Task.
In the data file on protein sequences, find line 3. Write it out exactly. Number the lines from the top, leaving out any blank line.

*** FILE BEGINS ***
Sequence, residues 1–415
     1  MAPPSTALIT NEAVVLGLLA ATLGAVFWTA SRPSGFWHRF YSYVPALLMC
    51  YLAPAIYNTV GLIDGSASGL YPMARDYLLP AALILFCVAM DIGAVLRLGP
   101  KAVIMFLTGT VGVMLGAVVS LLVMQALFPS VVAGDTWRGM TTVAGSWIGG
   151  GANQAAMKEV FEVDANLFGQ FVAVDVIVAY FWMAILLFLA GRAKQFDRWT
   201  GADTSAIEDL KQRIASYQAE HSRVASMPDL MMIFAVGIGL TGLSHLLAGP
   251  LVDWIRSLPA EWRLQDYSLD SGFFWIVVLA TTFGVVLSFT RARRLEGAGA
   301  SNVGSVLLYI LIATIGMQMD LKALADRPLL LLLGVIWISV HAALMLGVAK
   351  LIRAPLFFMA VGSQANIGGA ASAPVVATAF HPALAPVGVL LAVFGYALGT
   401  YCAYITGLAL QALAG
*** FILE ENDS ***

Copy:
    51  YLAPAIYNTV GLIDGSASGL YPMARDYLLP AALILFCVAM DIGAVLRLGP